Self-directed learning research: An imperative for transforming the educational landscape

Volume editor
Elsa Mentz
Volume editor
Izak Oosthuizen

Synopsis

This book will benefit specialists in the field of the education sciences. It represents significant progress in knowledge production. Self-directed learning has become increasingly important, not only for education in South Africa but also for education sciences in the international arena. This is a result of the changing education landscape, caused by the demands of the 21st century as well as the rapid change in knowledge production. Learners should be equipped with skills to take responsibility for their own learning. New innovative strategies should be incorporated into teaching and learning in order to meet the changing demands in education. Traditional teacher-centred practices are still the norm in most South African schools and higher-education institutions and do not adequately prepare students for lifelong learning in the 21st century. The content focuses on the theory behind self-directed learning, explores strategies such as cooperative learning, problembased learning, case-based teaching and large-group teaching that enhance self-directed learning and the use of blended learning in a self-directed learning environment. The book demonstrates how self-directed learning can be enhanced in mathematics, computer-science and life-science education and through the use of student tutors for geography. Digital technology could, for example, also be used in innovative ways for education in isiZulu folk poetry. The findings are based on original empirical research and a sound theoretical-conceptual framework. In an environment of rapidly changing knowledge production, this book responds to the challenge of how to equip learners with the necessary skills to take responsibility for their own learning. The book presents innovative teaching and learning strategies for meeting the changing demands in education. Group activities, the responsibilities of learners and the obstacles that hinder their learning are analysed, and the way in which educators can support them is discussed. Educational values such as mutual trust are discussed, and self-directed assessment is explored. This is a timely collective work authored by experts who subscribe to the approach of self-directed learning. Educators should discover new teaching and learning strategies and value the integration of self-directed learning in the classroom.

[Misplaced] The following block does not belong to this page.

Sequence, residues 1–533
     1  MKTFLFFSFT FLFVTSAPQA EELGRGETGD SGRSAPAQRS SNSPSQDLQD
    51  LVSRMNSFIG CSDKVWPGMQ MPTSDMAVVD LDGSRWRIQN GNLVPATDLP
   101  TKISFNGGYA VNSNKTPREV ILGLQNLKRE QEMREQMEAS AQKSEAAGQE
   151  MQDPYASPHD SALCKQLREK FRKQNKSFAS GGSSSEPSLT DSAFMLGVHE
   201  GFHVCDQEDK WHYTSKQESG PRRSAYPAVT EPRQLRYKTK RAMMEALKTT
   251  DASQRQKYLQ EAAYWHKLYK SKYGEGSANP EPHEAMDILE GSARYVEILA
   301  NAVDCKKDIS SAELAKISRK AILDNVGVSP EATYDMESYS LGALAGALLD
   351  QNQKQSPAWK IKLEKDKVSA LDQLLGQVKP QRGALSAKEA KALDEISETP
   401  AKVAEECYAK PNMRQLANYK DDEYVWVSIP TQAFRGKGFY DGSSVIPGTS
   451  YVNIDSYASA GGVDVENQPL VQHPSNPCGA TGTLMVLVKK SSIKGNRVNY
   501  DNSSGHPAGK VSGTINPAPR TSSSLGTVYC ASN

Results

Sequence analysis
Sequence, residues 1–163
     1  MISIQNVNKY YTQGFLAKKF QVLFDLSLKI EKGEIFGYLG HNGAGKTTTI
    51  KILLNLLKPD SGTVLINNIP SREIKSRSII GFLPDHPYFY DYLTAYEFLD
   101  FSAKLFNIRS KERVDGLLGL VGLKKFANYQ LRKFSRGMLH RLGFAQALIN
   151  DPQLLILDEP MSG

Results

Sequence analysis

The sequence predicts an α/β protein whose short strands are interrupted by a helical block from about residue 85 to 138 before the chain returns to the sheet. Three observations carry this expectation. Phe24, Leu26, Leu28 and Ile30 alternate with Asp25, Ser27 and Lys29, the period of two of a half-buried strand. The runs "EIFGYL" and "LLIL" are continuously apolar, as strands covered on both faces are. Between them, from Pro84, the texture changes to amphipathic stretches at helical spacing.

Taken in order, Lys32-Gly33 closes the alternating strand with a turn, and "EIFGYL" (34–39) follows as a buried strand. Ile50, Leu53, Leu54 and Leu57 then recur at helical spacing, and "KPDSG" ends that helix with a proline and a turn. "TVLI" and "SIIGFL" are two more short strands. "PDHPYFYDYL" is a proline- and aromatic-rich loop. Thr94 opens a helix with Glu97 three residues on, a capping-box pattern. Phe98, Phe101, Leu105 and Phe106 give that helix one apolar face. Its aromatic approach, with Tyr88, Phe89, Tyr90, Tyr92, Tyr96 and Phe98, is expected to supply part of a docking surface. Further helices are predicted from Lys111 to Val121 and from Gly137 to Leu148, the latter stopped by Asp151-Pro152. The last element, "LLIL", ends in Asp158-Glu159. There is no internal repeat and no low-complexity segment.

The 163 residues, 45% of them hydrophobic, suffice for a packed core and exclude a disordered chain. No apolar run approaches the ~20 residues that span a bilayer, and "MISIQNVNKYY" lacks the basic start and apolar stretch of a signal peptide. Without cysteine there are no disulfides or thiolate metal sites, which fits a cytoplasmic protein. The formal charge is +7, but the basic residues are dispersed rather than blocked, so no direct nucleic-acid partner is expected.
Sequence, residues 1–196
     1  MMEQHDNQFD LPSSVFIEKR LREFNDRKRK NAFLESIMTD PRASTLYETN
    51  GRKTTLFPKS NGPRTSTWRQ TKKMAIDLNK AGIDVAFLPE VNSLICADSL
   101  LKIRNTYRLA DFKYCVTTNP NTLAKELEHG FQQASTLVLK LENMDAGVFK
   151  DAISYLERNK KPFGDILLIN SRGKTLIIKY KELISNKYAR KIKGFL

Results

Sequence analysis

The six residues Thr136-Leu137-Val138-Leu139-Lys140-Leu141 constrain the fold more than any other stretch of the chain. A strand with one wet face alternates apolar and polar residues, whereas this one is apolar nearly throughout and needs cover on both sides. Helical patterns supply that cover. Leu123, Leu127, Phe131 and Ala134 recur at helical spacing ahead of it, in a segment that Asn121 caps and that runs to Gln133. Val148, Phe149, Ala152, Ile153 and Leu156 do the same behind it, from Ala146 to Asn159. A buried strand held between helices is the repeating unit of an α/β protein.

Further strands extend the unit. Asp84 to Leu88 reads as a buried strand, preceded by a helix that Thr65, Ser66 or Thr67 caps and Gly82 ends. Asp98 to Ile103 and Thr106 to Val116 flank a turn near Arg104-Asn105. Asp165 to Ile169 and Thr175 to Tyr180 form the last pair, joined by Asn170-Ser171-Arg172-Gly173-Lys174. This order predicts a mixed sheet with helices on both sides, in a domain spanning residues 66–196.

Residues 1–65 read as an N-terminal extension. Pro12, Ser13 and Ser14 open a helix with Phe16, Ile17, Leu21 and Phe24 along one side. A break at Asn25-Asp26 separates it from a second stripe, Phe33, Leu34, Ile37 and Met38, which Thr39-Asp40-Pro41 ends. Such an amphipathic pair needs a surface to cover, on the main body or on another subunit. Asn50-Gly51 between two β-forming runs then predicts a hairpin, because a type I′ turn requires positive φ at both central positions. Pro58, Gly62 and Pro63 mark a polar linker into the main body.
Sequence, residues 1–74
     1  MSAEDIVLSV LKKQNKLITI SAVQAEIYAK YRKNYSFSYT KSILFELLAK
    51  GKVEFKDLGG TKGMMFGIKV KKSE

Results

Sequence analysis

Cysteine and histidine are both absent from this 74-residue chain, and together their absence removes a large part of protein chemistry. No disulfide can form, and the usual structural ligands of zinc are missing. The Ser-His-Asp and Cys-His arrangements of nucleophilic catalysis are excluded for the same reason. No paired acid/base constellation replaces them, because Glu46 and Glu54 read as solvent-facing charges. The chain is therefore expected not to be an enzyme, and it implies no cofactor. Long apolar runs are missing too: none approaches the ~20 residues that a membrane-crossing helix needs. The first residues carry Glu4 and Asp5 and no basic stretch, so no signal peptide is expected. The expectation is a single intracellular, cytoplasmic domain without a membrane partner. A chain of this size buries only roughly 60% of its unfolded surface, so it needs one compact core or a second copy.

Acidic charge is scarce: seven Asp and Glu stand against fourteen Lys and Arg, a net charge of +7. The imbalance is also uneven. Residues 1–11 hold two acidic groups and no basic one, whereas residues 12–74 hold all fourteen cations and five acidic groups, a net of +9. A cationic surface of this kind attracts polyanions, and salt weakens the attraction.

Chapters

  • Chapter 1
    The feasibility of grafting self-directed learning theory onto the capability theory
    Johannes (Hannes) L. van der Walt
  • Chapter 2
    The affordances of case-based teaching for self-directed learning: A case study with firstyear student teachers
    Josef de Beer, Sarah Gravett
  • Chapter 3
    Students’ accountability and responsibility in problem-based learning: Enhancing self-directed learning
    Marietjie Havenga
  • Chapter 4
    Student support through cooperative base groups and its contribution to the development of selfdirected learning skills
    Anitia Lubbe, Elsa Mentz, Neal Petersen
  • Chapter 5
    A self-directed learning approach to large-group teaching: An evaluation
    H.J. (Hennie) Steyn, Johannes (Hannes) L. van der Walt, Charl Wolhuter
  • Chapter 6
    Geography student tutors’ facilitative skills in a problem-based learning environment
    Aubrey Golightly
  • Chapter 7
    The enactment of problembased approaches in preservice mathematics and the levels of performance of teacher students in problem projects
    Judah P. Makonye
  • Chapter 8
    Pre-service teacher students’ expectations of self-directed learning in an undergraduate blendedlearning course
    Adri du Toit, Jessica Pool
  • Chapter 9
    Academic writing supported by digital technologies and the INcwadi-Mkhaphi (bookguide) in isiZulu folk-poetry education
    Thabisile Buthelezi, Paulinah Phahamane
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Details about the available publication format: PDF

PDF
Co-publisher's ISBN-13 (24)
978-1-928396-01-7
Date of first publication (11)
2016
doi
10.4102/aosis.sdlr.2016.03

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